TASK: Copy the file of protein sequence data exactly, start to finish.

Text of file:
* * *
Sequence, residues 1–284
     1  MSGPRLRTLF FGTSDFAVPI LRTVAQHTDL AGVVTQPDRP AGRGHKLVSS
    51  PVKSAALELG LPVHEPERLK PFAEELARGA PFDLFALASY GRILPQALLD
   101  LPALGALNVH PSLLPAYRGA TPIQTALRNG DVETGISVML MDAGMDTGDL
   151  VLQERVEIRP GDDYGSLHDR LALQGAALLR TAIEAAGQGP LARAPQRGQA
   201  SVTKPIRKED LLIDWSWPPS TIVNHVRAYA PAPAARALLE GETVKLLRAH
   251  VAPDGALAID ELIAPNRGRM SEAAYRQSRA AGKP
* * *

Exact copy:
Sequence, residues 1–284
     1  MSGPRLRTLF FGTSDFAVPI LRTVAQHTDL AGVVTQPDRP AGRGHKLVSS
    51  PVKSAALELG LPVHEPERLK PFAEELARGA PFDLFALASY GRILPQALLD
   101  LPALGALNVH PSLLPAYRGA TPIQTALRNG DVETGISVML MDAGMDTGDL
   151  VLQERVEIRP GDDYGSLHDR LALQGAALLR TAIEAAGQGP LARAPQRGQA
   201  SVTKPIRKED LLIDWSWPPS TIVNHVRAYA PAPAARALLE GETVKLLRAH
   251  VAPDGALAID ELIAPNRGRM SEAAYRQSRA AGKP